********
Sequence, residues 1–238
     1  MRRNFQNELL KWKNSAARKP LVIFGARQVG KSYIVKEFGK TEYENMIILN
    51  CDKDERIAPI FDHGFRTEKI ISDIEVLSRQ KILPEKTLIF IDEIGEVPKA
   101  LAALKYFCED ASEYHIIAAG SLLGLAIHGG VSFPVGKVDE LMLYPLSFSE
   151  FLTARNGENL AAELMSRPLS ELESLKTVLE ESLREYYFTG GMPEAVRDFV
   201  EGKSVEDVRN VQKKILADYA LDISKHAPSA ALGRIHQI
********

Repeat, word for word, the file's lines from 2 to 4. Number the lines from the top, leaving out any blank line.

     1  MRRNFQNELL KWKNSAARKP LVIFGARQVG KSYIVKEFGK TEYENMIILN
    51  CDKDERIAPI FDHGFRTEKI ISDIEVLSRQ KILPEKTLIF IDEIGEVPKA
   101  LAALKYFCED ASEYHIIAAG SLLGLAIHGG VSFPVGKVDE LMLYPLSFSE